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Forum topic by squarehippo posted 10-01-2013 04:47 PM 563 views 0 times favorited 7 replies Add to Favorites Watch
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squarehippo

16 posts in 697 days


10-01-2013 04:47 PM

I’m attempting my first real furniture project and I have a question about making posts. Specifically, I want to make 80” posts that are 2” square. But I only have 5/4 wood. (Soft maple.) The posts will be at each corner of the piece so all sides of each post will be visible. (It’s a bookcase.)

So, after I’ve jointed and glued up the posts to the proper size, do I try to laminate the edges with a thin 2” strip of face grain? Or maybe miter the whole post so that there’s no visible seams?

Any idea will be greatly appreciated!


7 replies so far

View JustJoe's profile

JustJoe

1554 posts in 727 days


#1 posted 10-01-2013 04:58 PM

If you’ve got a router table with a lift then you can use a bit like this one, rip four piees 80” long and join them together to make one post:

http://lumberjocks.com/reviews/3566

-- This Ad Space For Sale! Your Ad Here! Reach a targeted audience! Affordable Rates, easy financing! Contact an ad represenative today at JustJoe's Advertising Consortium.

View Loren's profile

Loren

7734 posts in 2337 days


#2 posted 10-01-2013 05:04 PM

I would laminate the faces. I think this is easier to set up and
execute than accurate long glue joint miters.

-- http://lawoodworking.com

View BArnold's profile

BArnold

174 posts in 521 days


#3 posted 10-01-2013 05:05 PM

Joe posted one very good way to do what you need. The other way is what you alluded to and the way I’d do it myself. On the sides that show the joint between the two pieces, laminate a thin (1/8” or less) veneer. By the time you break the edges when finish sanding, you won’t see the joint between the veneer and body wood. To keep the post even, reduce the width by the thickness of the veneers.

One factor I’d be concerned about in your design is having a post that long and that dimension might result in warping. I’d cut the pieces oversize, let them stabilize for a couple of days, glue them up and let the glue cure for a day, then do final dimensioning.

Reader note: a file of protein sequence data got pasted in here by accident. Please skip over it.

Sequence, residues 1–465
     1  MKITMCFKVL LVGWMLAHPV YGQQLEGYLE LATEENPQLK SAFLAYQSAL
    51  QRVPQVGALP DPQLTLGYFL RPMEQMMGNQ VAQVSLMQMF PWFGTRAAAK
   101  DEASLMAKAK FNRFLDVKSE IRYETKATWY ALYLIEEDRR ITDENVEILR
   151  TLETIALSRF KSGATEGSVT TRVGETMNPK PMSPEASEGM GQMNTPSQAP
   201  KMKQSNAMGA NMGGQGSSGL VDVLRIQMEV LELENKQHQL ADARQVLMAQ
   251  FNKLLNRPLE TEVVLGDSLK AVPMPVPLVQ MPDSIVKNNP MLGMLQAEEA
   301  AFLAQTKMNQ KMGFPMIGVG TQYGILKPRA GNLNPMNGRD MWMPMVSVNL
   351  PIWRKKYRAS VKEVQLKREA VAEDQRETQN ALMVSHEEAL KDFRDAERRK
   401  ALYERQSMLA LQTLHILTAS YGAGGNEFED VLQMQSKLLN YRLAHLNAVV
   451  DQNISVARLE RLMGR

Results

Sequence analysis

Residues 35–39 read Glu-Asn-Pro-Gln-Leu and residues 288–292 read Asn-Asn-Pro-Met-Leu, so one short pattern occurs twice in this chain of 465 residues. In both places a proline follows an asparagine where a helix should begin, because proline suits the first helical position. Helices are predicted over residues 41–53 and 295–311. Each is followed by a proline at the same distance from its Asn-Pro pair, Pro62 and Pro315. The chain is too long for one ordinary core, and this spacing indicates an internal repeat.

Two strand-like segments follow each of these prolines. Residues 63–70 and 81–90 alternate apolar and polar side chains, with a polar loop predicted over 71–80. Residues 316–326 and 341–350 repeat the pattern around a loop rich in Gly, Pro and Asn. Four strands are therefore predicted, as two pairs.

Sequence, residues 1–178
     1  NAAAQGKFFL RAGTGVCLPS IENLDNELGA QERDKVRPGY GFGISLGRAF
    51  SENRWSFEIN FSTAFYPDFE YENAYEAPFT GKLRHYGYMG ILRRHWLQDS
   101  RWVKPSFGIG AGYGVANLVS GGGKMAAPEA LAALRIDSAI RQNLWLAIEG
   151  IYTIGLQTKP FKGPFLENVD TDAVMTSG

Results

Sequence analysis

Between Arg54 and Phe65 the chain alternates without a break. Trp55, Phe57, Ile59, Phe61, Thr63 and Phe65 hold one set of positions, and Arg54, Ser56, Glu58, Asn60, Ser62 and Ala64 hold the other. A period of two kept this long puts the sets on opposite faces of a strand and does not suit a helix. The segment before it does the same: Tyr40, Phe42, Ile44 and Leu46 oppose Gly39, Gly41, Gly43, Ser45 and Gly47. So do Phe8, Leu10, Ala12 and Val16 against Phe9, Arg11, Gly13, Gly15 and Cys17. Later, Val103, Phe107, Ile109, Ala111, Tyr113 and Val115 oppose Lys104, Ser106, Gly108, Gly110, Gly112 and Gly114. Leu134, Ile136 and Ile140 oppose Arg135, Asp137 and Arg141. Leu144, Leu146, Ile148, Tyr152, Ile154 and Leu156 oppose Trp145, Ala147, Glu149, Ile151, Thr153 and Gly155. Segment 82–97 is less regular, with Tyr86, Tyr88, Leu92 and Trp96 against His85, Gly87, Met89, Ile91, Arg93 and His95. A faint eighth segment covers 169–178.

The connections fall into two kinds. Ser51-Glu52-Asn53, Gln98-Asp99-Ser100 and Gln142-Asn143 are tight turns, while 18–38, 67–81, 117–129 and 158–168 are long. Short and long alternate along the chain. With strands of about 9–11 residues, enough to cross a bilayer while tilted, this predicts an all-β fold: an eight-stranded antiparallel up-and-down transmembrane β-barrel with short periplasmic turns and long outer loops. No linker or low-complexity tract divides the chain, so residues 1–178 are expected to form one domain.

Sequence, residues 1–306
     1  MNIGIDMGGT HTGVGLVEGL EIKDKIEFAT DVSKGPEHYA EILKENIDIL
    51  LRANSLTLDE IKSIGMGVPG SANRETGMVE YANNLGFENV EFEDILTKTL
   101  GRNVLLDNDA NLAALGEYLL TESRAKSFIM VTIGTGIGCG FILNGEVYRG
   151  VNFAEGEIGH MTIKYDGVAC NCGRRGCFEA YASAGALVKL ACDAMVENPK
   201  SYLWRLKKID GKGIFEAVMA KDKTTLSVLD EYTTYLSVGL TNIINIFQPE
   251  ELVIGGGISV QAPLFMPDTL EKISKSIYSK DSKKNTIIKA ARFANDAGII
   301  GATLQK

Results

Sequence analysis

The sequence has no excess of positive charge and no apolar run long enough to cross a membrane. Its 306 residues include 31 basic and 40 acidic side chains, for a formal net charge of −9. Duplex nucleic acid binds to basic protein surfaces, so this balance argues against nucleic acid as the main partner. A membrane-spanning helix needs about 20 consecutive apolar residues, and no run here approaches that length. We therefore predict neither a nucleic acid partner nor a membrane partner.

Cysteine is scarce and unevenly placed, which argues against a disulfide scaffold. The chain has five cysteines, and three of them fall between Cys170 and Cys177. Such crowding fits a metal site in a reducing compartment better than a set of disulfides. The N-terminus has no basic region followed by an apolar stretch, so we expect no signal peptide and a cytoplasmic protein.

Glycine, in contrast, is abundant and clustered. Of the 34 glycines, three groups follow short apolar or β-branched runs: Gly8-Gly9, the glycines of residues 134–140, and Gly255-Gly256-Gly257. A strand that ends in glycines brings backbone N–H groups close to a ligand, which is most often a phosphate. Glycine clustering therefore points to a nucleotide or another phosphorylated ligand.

-- Bill, Thomasville, GA

View HerbC's profile

HerbC

1189 posts in 1548 days


#4 posted 10-01-2013 05:06 PM

SquareHippo,

One option would be to use a Lock Miter Joint Router Bit, such as the one made by MLCS, to make your leg blanks, gluing up four pieces to form a blank that looks like one solid piece of wood. The bit is a “bit” finicky to set up properly, but I’ve heard that the setup jig from Infinity really helps. The nice thing about this method is that you can use pieces that all have the same grain pattern, such as all quarter sawn or all rift sawn, etc.

Good Luck!

Be Careful!

Herb

PS: Boy, I must be slow typing. In the time it took me to write my comment three other LJ’s gave you good advice. You’ve got a couple of options, just experiment until you figure out which is best for you.

Herb

-- Herb, Florida - Here's why I close most messages with "Be Careful!" http://lumberjocks.com/HerbC/blog/17090

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squarehippo

16 posts in 697 days


#5 posted 10-01-2013 06:32 PM

Thanks for the quick replies and great advice! Since I don’t have a lock miter bit (yet) I’m going to try cutting some veneer. I’ve never tried to cut eighty inches at 1/8” thick but how hard could it be? :o)

Thanks!

View Loren's profile

Loren

7734 posts in 2337 days


#6 posted 10-01-2013 08:10 PM

You can glue it on full thickness and rip it off. Then do the other
side. Then plane to square. Gluing it on at 1/8” thick creates a
situation where you’ll need to mess with cauls. You may still
need to use cauls a few times, but as long the stock is more than
about 3/8” you can probably skip them and get good glue lines.

-- http://lawoodworking.com

View squarehippo's profile

squarehippo

16 posts in 697 days


#7 posted 10-02-2013 01:11 AM

I went back and forth about asking my original question because it seemed so basic – but I’m glad I did. Gluing on a thick board and then ripping it to veneer width is brilliant! (Or at least pretty darn clever.)

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